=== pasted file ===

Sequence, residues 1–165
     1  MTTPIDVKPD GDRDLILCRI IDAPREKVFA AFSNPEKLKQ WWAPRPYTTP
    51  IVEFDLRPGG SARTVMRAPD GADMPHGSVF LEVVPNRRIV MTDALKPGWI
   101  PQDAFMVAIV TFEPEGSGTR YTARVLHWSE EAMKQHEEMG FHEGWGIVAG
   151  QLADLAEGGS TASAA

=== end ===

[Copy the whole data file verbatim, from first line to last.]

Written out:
Sequence, residues 1–165
     1  MTTPIDVKPD GDRDLILCRI IDAPREKVFA AFSNPEKLKQ WWAPRPYTTP
    51  IVEFDLRPGG SARTVMRAPD GADMPHGSVF LEVVPNRRIV MTDALKPGWI
   101  PQDAFMVAIV TFEPEGSGTR YTARVLHWSE EAMKQHEEMG FHEGWGIVAG
   151  QLADLAEGGS TASAA